The American side vetoed Keynes’ proposed mechanism, the International Currency Union (ICU), thinking that the US could, and should, manage the global flow of trade and capital itself; without committing to some formal, automated GSRM. The new hegemon, blinded by its newfangled superpower status, failed to recognise the wisdom of Ulysses’ strategy; of binding itself voluntarily to some Homeric mast.
Less cryptically, Washington thought that global trade imbalances would favour America in perpetuity, casting in stone the its economy’s status as the world’s surplus nation. Then, the power bestowed upon the United States by the surpluses it extracted from all over the world would be utilised benevolently and efficiently in order to manage the world economy along the lines of an enlightened hegemony. Indeed, this is exactly what the United States did: They recycled graciously the American surpluses in the form of capital injections into Japan, Germany and other deserving regions.
Alas, US policy makers failed to foresee that global imbalances could undergo a drastic inversion, leaving the United States in the unfamiliar position of a deficit country. During the heady days of the late 1940s, the Global Plan‘s architects ostensibly neglected to take seriously the possibility that the lack of self-restraint would lead Washington to codes of behaviour that would undermine their brilliant grand design.
The Global Plan unravels
The Global Plan‘s path was not laid with roses. A series of mishaps marked its evolution, with Chairman Mao’s triumph delivering the first blow. Quite impressively, it reacted creatively to adversity, often as a result of unintended consequences. We have already seen how the Korean War was exploited to shore up the Global Plan‘s far eastern flank. So, when the United States dragged itself into the Vietnam War, a similar wave of ‘creative destruction’ was on the cards.
Though it is a gross understatement to suggest that its persecution did not go according to the original plan, the Vietnam War‘s silver lining is visible to anyone who has ever visited South East Asia. Korea, Thailand, Malaysia and Singapore grew fast and in a manner that frustrated the pessimism of those who predicted that underdeveloped nations would find it hard to embark upon the road of capital accumulation necessary to drive them out of abject poverty. In the process, they provided Japan with valuable trade and investment opportunities which lessened the burden on the US authorities which, before the mid-1960s, had shouldered alone the burden of generating enough demand for Japanese factories in Europe and in the US itself. Years later, the same model was copied by Deng Xiao Ping and delivered the China we know today.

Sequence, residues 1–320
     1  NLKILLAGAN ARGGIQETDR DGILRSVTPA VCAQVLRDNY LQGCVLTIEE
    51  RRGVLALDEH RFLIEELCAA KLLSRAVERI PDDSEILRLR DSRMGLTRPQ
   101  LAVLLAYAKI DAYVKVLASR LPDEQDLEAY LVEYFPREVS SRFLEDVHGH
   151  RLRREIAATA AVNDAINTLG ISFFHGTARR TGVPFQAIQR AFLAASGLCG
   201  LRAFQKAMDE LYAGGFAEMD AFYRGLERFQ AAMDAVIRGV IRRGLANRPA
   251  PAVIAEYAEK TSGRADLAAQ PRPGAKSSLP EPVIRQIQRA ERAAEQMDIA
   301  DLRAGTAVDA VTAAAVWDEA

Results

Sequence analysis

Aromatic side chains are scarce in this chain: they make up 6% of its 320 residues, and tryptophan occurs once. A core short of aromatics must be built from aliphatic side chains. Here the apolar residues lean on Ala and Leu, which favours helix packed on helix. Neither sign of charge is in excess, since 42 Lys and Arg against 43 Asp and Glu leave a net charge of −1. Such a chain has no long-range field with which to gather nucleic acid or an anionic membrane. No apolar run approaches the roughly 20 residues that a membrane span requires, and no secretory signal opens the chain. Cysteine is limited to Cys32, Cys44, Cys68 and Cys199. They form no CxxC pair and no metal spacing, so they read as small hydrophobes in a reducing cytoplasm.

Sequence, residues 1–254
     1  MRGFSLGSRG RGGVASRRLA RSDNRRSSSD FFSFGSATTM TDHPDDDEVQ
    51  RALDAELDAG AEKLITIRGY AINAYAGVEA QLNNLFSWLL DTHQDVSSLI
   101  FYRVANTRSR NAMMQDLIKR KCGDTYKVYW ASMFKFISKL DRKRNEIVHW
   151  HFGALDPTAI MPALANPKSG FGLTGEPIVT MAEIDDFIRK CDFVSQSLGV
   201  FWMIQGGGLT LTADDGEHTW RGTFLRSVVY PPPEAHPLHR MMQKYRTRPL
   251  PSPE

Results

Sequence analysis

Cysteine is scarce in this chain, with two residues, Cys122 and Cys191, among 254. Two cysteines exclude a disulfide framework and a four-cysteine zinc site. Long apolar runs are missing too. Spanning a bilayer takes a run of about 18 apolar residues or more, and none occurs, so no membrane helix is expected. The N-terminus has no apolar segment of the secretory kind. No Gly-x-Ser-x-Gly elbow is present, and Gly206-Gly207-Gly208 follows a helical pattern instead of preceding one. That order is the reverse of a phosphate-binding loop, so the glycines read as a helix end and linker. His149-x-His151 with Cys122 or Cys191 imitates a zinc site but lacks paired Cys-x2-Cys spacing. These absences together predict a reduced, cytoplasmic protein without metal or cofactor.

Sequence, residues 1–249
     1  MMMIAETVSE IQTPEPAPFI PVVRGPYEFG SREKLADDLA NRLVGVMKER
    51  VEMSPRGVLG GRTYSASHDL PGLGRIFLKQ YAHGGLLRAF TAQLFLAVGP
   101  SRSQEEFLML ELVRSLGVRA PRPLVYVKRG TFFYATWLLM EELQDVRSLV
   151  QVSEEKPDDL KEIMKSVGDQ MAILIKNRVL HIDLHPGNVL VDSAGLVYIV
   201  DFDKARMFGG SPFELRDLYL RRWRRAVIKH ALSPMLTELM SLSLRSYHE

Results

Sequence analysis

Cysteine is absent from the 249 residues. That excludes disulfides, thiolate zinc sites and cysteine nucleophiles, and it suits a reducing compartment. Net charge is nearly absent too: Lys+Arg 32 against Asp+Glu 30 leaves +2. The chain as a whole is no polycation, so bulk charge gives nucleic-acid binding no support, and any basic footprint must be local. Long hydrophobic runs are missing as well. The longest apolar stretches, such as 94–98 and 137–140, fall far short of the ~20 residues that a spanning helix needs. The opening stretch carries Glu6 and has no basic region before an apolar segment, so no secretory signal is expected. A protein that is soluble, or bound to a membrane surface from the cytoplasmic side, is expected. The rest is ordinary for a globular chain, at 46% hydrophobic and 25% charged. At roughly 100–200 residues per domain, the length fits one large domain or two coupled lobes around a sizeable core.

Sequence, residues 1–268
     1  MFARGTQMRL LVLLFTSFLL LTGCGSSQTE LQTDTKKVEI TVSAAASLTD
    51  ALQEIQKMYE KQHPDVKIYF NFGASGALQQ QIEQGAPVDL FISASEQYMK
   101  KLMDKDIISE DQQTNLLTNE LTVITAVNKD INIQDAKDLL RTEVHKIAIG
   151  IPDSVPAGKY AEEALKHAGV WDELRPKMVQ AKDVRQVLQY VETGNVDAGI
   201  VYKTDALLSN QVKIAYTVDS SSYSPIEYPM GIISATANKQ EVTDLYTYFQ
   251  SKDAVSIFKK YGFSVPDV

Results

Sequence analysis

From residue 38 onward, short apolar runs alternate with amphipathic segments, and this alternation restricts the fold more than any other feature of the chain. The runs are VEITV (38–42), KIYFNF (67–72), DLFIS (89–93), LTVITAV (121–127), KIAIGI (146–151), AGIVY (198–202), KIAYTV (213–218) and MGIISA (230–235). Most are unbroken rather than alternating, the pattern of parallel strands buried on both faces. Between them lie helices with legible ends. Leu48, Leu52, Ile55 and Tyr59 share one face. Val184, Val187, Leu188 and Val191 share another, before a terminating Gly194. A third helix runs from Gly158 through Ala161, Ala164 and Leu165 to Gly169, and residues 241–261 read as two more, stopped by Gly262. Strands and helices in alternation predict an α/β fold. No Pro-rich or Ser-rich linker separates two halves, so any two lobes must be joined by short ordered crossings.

The problem with unintended consequences is that they are not reliably advantageous. Ho Chi Minh’s stubborn refusal to lose the war, and Lyndon Johnson’s almost manic commitment to do all it takes to win it, were crucial not only in creating a new capitalist region in the Far East, but also in derailing the Global Plan. The escalation of the financial costs of that war that were to be a key factor in its demise.
Setting aside the appalling human cost, the war cost the US government around $113 billion and the US economy another $220 billion. Real US corporate profits declined by 17% while, during the period 1965-1970, the war-induced increases in average prices forced the real average income of American blue collar workers to fall by about 2%. The war was taking its toll not only ethically and politically, as a whole generation of American youngsters were marked by the fear and loathing of Vietnam, but also in terms of tangible loss of working class income which fuelled social tensions. Arguably, President Johnson’s Great Society social programs were aimed, largely, at relieving these strains.
As the combined costs of the Vietnam War and the Great Society began to mount, the government was forced to generate mountains of US government debt. By the end of the 1960s, many governments began to worry that their own position, which was interlocked with the dollar in the context of the Bretton Woods system, was being undermined. By early 1971, liabilities in dollars exceeded $70 billion when the US government possessed only $12 billion of gold with which to back them up.
The increasing quantity of dollars was flooding world markets, giving rise to inflationary pressures in places like France and Britain. European governments were forced to increase the quantity of their own currencies in order to keep their exchange rate with the dollar constant, as stipulated by the Bretton Woods system. This is the basis for the European charge against the United States that, by pursuing the Vietnam War, it was exporting inflation to the rest of the world.
Beyond mere inflationary concerns, the Europeans and the Japanese feared that the build-up of dollars, against the backdrop of a constant US gold stock, might spark off a run on the dollar which might then force the United States to drop its standing commitment to swapping an ounce of gold for $35, in which case their stored dollars would devalue, eating into their national ‘savings’.